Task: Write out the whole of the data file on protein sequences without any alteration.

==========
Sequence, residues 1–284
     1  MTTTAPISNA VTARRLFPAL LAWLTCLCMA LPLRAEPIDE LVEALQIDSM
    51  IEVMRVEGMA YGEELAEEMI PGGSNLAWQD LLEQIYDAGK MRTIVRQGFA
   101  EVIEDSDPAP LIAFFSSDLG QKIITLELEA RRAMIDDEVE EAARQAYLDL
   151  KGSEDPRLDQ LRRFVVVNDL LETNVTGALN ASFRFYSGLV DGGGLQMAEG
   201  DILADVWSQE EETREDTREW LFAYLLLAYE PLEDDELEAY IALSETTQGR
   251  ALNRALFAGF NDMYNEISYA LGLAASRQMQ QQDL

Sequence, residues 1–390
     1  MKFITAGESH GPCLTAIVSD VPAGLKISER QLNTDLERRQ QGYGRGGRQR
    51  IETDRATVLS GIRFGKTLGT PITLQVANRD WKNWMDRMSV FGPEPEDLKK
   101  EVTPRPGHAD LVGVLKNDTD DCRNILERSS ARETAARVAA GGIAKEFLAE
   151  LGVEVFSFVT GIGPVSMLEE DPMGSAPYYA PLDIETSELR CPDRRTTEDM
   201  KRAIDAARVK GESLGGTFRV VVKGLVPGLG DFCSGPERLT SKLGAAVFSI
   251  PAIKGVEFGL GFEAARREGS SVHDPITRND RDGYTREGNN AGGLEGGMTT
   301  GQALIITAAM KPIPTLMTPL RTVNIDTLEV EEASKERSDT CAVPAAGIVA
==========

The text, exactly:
Sequence, residues 1–284
     1  MTTTAPISNA VTARRLFPAL LAWLTCLCMA LPLRAEPIDE LVEALQIDSM
    51  IEVMRVEGMA YGEELAEEMI PGGSNLAWQD LLEQIYDAGK MRTIVRQGFA
   101  EVIEDSDPAP LIAFFSSDLG QKIITLELEA RRAMIDDEVE EAARQAYLDL
   151  KGSEDPRLDQ LRRFVVVNDL LETNVTGALN ASFRFYSGLV DGGGLQMAEG
   201  DILADVWSQE EETREDTREW LFAYLLLAYE PLEDDELEAY IALSETTQGR
   251  ALNRALFAGF NDMYNEISYA LGLAASRQMQ QQDL

Sequence, residues 1–390
     1  MKFITAGESH GPCLTAIVSD VPAGLKISER QLNTDLERRQ QGYGRGGRQR
    51  IETDRATVLS GIRFGKTLGT PITLQVANRD WKNWMDRMSV FGPEPEDLKK
   101  EVTPRPGHAD LVGVLKNDTD DCRNILERSS ARETAARVAA GGIAKEFLAE
   151  LGVEVFSFVT GIGPVSMLEE DPMGSAPYYA PLDIETSELR CPDRRTTEDM
   201  KRAIDAARVK GESLGGTFRV VVKGLVPGLG DFCSGPERLT SKLGAAVFSI
   251  PAIKGVEFGL GFEAARREGS SVHDPITRND RDGYTREGNN AGGLEGGMTT
   301  GQALIITAAM KPIPTLMTPL RTVNIDTLEV EEASKERSDT CAVPAAGIVA